King Charles III prepared well to say the last farewell to his beloved mother, late British monarch Queen Elizabeth II in a historic state funeral, held on September 19.
While Her Majesty was laid to rest in Windsor Castle, it has been revealed that the new king made changes to Queen’s funeral procession plans to avoid an embarrassing moment.
Following the Queen’s death, King Charles acceded to the throne and he made sure to make quite an impression on the world during Her Majesty’s funeral.
Despite the Queen’s funeral being planned since the 1960s, King Charles III made eleventh-hour changes to avoid members of the Royal Family stepping over horse muck, a new report has claimed.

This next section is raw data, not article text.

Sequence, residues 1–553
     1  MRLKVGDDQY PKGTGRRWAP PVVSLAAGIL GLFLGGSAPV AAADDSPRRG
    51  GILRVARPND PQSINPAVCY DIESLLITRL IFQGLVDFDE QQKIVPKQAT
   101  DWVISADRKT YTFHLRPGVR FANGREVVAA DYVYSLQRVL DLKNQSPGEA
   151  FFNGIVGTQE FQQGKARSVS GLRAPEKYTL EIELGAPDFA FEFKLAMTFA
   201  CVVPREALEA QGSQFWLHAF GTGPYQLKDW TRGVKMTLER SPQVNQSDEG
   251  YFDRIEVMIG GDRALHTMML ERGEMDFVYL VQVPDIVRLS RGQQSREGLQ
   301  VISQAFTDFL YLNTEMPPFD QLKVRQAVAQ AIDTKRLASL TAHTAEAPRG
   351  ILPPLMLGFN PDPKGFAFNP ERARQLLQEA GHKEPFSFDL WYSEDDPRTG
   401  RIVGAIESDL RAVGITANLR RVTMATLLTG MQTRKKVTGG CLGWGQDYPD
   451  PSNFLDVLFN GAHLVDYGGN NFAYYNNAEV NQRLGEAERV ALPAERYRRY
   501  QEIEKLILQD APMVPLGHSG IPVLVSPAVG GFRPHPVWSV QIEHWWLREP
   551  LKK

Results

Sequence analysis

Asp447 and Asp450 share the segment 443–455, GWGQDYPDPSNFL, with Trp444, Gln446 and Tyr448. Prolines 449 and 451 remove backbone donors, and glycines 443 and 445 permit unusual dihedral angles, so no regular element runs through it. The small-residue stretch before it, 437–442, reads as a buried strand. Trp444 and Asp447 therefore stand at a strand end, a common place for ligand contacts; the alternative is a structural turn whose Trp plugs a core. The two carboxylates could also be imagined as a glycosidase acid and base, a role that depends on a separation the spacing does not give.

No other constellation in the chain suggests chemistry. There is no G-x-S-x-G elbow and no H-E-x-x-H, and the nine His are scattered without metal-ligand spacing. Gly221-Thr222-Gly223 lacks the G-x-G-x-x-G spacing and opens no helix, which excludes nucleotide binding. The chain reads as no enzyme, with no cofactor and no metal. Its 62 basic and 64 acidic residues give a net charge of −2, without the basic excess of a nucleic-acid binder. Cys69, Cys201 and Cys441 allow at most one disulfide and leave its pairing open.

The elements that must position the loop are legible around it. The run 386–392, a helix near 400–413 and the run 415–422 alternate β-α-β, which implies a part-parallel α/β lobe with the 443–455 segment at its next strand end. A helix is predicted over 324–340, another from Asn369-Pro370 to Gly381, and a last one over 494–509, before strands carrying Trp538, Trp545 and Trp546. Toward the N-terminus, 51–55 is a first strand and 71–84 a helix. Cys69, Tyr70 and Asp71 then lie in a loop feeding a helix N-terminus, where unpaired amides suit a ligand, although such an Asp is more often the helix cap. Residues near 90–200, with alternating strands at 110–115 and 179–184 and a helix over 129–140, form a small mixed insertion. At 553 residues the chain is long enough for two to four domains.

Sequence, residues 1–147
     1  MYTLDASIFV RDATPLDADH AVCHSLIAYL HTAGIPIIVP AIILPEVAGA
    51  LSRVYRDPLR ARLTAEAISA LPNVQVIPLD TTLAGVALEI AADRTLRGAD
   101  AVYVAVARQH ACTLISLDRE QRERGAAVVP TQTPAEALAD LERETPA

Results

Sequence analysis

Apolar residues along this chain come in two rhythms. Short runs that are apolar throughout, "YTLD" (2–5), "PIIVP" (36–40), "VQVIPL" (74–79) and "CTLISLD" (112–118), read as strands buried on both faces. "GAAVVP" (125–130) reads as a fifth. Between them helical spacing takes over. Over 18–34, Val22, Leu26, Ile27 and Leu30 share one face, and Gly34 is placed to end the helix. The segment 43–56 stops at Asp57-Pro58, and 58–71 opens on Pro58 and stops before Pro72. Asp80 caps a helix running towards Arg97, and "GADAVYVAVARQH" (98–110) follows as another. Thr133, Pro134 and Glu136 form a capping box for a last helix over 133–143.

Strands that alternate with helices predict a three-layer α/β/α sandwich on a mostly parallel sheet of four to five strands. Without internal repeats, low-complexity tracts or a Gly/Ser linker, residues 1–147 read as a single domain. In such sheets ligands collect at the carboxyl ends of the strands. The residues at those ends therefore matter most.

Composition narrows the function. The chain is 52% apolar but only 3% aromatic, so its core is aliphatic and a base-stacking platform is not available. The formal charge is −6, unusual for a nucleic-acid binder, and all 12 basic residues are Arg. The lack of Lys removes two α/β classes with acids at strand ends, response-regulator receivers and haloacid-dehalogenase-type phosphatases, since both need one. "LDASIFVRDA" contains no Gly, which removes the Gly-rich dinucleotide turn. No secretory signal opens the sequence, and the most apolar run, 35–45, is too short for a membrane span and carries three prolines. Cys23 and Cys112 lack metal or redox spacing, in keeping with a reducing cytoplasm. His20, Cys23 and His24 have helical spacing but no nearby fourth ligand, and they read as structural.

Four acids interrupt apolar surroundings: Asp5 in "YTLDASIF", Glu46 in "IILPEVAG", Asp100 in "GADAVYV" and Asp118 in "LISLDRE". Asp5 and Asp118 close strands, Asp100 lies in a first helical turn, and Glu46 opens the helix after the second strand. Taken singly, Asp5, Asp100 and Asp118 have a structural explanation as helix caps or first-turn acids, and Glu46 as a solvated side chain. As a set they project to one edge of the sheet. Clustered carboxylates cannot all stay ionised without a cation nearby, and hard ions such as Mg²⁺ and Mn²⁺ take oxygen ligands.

According to The Mail on Sunday, King Charles wanted to be ‘seen properly’ by crowds. He altered the initial plans – suggesting that a procession of horses would directly follow the Queen’s coffin after the funeral to Wellington Arch.
It was then indicated that King Charles and his siblings, Princess Anne, Prince Andrew, and Prince Edward would follow the horses on foot.
The plans were immediately changed by the orders of the new monarch with the horses moved back to walk behind the royals.
“In the days before the funeral, Charles felt he wouldn’t be seen properly and that either he ought to be on horseback or, if he was walking, then the horses should move further back,” a source revealed.
“There was also the issue of ‘would the new King end up having to sidestep horse muck?’ which would obviously not be appropriate.”